Latest posts by Jeff Stier (see all)
- Fixing FDA is Literally a Matter of Life and Death - January 22, 2017
- First Lady is Adopting a New, Highly-Ideological Anti-Hunger Campaign with Left-Wing Activist Group - January 6, 2017
- The EPA Shows Again That It’s an Affront to Common Sense - November 28, 2016
With increasing frequency, activist groups are trying to remove safe and useful products from the market. Why? Because they think they can fool consumers, retailers and legislators into thinking that the extensively-reviewed chemicals in everyday products are unsafe.
Remember when the Consumer Product Safety Improvement act banned ATVs and sport bikes designed for youth because of lead in the engines? The rationale, if one could call it that, was that lead in the batteries presented a risk to children, since children are known to mouth their toys.
Laws and regulations that attempt to set product formulation guidelines through sensationalized headlines, rather than the detailed scientific reviews currently used by regulatory bodies, are bound to lead to absurd outcomes.
Finally, consumer groups and scientists are fighting back with the facts, pointing to the science behind what goes into consumer products. These groups are unraveling the scary, over-sensationalized headlines and providing reliable information to consumers. Groups such as theTexas Consumer Association and the Competitive Enterprise Institute have both released reports in the past month that aim to lift the veil of confusion thrust on the public by the ban-everything activists. Kudos to these groups for standing up against politically correct and scientifically invalid scare campaigns and instead reinforcing a trusted and verifiable system that arms consumers with the information they need to make the right decisions for their families.
The Texas Consumer Association’s report outlines case studies of three commonly-used chemicals that have lately been in the crosshairs of activists: BPA, phthalates and parabens. The paper, “Assessing Consumer Product Safety: How Science Can Be Sidelined in Product Formulations,” examined the importance of using science to support product formulations and looked at how narrow interest group efforts have forced many manufacturers to seek alternatives that might not be as safe, effective, or affordable as the original well-studied chemical.
The paper provides an outline of where the three chemicals stand in the federal regulatory scheme across the Environmental Protection Agency (EPA), the Food and Drug Administration (FDA), the Consumer Product Safety Commission (CPSC) and others. No longer can scaremongers allege that these chemicals are “unregulated” in their efforts to create a patchwork of state chemical laws.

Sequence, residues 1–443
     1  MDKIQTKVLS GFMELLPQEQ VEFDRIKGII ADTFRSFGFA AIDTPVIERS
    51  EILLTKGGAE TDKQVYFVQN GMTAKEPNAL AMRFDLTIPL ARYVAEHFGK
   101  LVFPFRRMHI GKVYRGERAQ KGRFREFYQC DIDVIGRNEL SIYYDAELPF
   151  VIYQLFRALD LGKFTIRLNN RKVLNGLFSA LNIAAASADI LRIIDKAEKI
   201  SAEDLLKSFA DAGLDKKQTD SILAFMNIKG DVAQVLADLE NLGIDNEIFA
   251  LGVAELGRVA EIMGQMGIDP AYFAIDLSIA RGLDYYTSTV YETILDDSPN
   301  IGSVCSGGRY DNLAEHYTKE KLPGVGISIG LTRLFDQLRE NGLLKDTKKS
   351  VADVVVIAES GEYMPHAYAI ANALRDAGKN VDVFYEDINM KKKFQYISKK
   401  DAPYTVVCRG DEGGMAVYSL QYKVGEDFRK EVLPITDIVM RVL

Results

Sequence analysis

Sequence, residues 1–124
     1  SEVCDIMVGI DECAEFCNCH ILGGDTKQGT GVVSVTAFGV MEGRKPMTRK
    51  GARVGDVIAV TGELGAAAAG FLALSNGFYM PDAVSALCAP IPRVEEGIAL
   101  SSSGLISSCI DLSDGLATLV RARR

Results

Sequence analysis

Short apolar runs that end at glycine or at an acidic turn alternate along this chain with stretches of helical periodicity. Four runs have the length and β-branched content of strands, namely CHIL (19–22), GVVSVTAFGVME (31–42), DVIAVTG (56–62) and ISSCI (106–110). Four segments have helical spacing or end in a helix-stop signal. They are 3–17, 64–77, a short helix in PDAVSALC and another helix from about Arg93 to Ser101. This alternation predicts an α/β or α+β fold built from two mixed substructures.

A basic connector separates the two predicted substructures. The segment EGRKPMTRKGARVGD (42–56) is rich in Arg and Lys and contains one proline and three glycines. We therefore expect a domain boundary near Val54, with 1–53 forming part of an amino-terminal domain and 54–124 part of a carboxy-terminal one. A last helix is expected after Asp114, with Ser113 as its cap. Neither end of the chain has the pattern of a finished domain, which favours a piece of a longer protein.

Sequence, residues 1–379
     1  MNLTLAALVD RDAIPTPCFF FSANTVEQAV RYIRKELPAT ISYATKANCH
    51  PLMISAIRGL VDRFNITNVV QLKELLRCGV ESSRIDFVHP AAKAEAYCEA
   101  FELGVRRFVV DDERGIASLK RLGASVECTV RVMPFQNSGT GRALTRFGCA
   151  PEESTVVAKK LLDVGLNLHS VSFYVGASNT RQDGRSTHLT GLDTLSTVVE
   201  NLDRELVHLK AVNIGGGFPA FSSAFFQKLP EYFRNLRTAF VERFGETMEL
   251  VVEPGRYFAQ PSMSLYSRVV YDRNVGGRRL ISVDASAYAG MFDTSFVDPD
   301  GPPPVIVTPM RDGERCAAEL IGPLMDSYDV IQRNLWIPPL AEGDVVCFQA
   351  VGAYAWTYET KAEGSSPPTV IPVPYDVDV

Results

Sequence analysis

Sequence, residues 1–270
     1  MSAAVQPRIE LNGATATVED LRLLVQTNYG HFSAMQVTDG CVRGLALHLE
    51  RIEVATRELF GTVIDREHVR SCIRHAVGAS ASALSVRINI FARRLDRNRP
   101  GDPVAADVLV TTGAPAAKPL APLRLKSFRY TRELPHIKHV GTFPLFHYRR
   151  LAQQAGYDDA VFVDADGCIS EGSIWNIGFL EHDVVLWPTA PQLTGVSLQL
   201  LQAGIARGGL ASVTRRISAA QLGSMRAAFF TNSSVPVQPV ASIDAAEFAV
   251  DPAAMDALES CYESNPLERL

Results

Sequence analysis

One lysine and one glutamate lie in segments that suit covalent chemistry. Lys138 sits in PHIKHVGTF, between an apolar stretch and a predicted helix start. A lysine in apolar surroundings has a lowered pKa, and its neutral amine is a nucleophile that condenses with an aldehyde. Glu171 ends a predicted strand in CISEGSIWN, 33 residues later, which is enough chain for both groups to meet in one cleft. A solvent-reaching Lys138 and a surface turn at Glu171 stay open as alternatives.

The Competitive Enterprise Institute’s report analyzed the “constant barrage of news headlines” that is instilling fear in consumers about synthetic and natural chemicals. The report is a guide for consumers (as well as legislators and media, who are also consumers) on how to look for facts behind a headline. The report, titled, “A Consumer’s Guide to Chemical Risk, Deciphering the ‘Science’ Behind Chemical Scares,” breaks down the rigor and validity of a study to teach readers how to obtain answers to the questions that consumers should always ask when evaluating the meaning of a scientific report.
Questions that look at the integrity of these new agenda-driven studies are essential for understanding what the groups in fact examined and considered in the study. All too often, headlines with over-sensationalized statements drive readers to the articles, but then create a sense of ‘consumer alarmism’ and fear that is unwarranted.
Activists are increasingly mastering the art of “consumer alarmism” in an effort to push for regulatory policy change through social activism and media headlines, rather than valid scientific evaluations. These tactics are effective at grabbing headlines and advancing expensive and bloated regulatory policies, but they do not help consumers or readers make the right decisions for their families.
Rather, this new culture of fear is creating confusion among consumers as to what is safe and what is not. As the Texas Consumer Association wrote, the discrepancies created by outside interests “put [consumers] in the middle of safety disputes” that should instead ultimately be considered at the regulatory and scientific level, not in the easily manipulated court of public opinion.
Regardless of where one stands on using natural or synthetic chemicals, everyone should agree that science should be the basis of every regulatory decision. Consumers are finding it difficult to keep track of chemicals that were proven to be safe by the FDA or CPSC, but then later attacked in headlines and removed from product formulations because of activist-driven backlash, only to be followed by another report that states the chemicals are safe. With all this back and forth, it’s no surprise that confusion and ineffective policies follow.
The only safe way forward is for test labs and a strong regulatory process dominated by sound science to determine consumer safety. It is good to see that consumer groups are stepping up to stop the “whoever yells the loudest” game where the only winners are those who create the most fear (which is good only for fundraising). At the end of the day, that game makes us all losers when it comes to safe, useful, and affordable consumer products.